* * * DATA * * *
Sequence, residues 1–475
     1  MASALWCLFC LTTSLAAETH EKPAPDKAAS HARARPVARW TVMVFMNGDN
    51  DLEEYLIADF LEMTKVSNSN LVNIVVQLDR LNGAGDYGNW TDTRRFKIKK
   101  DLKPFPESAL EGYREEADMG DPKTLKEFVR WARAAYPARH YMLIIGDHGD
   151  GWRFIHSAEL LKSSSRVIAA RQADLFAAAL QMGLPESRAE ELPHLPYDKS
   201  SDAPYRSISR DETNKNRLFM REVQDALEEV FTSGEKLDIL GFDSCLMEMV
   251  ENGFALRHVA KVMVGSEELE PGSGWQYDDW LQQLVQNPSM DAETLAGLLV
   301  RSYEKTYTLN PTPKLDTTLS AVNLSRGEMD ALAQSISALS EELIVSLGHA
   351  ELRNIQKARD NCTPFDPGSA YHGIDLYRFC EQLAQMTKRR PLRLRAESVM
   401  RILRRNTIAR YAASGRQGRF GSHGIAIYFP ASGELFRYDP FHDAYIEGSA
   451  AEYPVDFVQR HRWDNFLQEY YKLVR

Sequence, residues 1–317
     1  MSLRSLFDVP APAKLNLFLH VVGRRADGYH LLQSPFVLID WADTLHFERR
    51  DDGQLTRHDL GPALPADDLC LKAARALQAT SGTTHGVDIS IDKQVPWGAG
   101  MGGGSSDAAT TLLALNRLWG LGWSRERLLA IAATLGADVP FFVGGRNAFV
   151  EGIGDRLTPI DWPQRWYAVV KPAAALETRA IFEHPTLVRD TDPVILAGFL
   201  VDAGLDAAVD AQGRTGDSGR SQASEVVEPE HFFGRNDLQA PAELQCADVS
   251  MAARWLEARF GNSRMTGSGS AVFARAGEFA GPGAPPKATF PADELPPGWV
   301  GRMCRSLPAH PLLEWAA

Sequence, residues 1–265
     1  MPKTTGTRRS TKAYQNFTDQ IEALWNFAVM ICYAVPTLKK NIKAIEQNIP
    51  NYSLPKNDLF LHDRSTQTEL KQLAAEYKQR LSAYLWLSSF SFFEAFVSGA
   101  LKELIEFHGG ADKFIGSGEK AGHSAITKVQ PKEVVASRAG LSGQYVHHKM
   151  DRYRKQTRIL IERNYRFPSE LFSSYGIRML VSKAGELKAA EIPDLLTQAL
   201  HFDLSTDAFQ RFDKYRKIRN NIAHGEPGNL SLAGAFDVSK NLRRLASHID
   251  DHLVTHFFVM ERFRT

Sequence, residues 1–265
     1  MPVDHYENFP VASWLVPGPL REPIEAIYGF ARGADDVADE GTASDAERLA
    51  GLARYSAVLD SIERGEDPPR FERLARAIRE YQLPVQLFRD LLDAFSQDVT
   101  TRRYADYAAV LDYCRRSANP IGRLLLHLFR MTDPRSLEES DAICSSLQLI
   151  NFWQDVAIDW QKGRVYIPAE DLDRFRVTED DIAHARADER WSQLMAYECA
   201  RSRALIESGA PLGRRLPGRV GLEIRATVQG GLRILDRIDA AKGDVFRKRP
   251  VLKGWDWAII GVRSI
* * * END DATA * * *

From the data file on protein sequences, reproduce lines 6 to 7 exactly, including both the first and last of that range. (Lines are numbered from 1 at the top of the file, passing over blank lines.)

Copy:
   201  SDAPYRSISR DETNKNRLFM REVQDALEEV FTSGEKLDIL GFDSCLMEMV
   251  ENGFALRHVA KVMVGSEELE PGSGWQYDDW LQQLVQNPSM DAETLAGLLV